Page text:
What’s the total for starting your Montana LLC? Let’s take a quick look at the baseline pricing.
Rundown of startup expenses:
- Reserving Your Business Name: $10
- Filing Your Articles of Organization: $70
- Applying for an EIN: $0
Overall, the bottom dollar cost for starting your Montana LLC is $80. Of course, this pricing does not include any expedited fees or costs for licenses or permits, which can fluctuate by industry. This pricing also does not include your time or expenses with setting up your business or any administrative costs to get a physical office up and running. Additionally, it doesn’t take into consideration that you’ll need to file your annual report each year, which costs $20.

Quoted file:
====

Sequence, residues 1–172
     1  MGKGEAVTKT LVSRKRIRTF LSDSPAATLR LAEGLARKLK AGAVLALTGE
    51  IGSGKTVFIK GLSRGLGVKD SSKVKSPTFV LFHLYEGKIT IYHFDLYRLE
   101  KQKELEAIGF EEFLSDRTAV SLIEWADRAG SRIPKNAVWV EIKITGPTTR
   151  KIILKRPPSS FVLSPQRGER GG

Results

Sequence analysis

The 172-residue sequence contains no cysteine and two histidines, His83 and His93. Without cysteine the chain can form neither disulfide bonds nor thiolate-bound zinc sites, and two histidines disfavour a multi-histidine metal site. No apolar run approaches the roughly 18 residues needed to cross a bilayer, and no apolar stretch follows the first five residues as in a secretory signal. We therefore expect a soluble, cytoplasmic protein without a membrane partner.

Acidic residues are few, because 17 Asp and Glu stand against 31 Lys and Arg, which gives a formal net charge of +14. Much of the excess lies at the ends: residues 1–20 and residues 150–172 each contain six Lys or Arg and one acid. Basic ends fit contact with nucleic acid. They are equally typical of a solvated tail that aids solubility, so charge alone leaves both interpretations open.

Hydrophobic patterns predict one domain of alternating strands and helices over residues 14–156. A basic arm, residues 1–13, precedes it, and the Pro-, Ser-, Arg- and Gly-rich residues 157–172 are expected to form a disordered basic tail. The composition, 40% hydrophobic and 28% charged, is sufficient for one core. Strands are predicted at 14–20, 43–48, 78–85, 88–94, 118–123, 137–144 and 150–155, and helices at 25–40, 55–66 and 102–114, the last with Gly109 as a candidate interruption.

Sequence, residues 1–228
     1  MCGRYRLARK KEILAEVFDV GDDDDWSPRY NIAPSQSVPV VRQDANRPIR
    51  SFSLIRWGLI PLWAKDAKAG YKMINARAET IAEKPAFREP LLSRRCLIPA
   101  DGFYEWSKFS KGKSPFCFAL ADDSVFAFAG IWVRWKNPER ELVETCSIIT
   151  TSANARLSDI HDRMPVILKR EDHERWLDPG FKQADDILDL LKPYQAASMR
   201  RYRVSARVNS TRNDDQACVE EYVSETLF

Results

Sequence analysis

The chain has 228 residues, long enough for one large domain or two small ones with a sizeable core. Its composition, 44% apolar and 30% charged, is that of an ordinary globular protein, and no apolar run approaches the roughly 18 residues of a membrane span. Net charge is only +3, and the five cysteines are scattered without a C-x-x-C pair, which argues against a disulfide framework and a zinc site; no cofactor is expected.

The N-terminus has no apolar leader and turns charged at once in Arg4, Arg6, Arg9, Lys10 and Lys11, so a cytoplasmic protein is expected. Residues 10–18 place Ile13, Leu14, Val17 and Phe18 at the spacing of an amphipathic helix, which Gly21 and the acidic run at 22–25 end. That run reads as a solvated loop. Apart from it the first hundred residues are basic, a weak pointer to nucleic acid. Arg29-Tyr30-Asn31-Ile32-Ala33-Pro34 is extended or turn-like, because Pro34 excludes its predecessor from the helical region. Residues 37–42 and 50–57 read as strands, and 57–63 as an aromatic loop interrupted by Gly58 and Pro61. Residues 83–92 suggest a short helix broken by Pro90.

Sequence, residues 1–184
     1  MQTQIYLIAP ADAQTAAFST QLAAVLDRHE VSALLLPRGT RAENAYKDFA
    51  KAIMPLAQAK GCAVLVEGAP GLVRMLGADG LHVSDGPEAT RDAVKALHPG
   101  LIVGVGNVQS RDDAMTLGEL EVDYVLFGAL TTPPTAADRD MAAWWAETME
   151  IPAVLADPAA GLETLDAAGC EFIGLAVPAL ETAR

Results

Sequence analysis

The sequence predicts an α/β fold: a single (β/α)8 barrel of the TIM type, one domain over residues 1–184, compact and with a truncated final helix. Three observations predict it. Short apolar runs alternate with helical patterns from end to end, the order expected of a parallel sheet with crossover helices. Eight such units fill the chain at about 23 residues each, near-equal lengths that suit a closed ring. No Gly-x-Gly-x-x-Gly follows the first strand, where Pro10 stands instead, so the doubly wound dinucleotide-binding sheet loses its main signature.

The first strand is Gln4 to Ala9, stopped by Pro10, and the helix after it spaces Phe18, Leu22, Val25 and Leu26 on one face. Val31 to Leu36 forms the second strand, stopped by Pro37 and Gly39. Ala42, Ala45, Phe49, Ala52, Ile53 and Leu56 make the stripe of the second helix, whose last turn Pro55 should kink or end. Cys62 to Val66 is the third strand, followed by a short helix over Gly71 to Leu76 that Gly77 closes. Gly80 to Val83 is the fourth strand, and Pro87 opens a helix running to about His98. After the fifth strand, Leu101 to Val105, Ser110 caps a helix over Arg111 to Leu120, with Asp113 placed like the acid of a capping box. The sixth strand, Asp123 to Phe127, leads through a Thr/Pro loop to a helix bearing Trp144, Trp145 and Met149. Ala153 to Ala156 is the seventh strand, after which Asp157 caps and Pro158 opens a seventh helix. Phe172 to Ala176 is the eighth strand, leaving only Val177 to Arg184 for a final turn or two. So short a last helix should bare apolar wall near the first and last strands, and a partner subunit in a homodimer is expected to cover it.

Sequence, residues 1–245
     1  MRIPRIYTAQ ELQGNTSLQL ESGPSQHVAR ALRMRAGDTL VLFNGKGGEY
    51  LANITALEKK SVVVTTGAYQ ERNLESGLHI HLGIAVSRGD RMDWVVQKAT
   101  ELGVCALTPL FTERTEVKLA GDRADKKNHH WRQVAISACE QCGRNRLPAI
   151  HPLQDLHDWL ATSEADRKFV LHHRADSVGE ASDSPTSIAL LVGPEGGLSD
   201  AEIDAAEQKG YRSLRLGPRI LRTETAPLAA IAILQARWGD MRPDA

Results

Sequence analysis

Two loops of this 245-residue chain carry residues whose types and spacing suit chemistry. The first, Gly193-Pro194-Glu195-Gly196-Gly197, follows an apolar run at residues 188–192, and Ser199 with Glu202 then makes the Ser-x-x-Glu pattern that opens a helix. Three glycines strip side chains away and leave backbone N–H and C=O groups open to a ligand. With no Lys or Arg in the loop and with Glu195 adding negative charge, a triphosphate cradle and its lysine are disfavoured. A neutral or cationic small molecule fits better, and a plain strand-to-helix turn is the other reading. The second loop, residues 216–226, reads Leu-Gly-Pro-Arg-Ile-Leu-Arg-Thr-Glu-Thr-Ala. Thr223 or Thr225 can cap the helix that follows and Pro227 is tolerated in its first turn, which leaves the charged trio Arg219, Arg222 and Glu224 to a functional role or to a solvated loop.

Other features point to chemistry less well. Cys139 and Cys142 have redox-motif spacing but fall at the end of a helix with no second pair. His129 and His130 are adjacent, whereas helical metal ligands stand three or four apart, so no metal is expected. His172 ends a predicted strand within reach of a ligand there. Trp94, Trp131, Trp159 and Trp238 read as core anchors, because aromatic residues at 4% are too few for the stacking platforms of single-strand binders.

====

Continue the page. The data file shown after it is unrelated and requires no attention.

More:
What are the benefits of an LLC in Montana?
An LLC is a common business structure that most small businesses choose when forming their companies. LLCs offer great flexibility in managing your company with minimal regulations and red tape to cut through. LLCs also make it easy to separate owner and partner personal assets from company finances, offering more secure legal protections.
Here are some of the primary reasons many Montana business owners opt to form an LLC:
- They make it easier to separate your personal assets and debts from your business finances and liabilities.
- They offer flexible management structures, allowing you to organize and run your LLC in a way that makes sense for your industry and company.
- They protect you from double taxation. You’ll pay taxes for your profits earned as a partner or owner on your personal taxes only.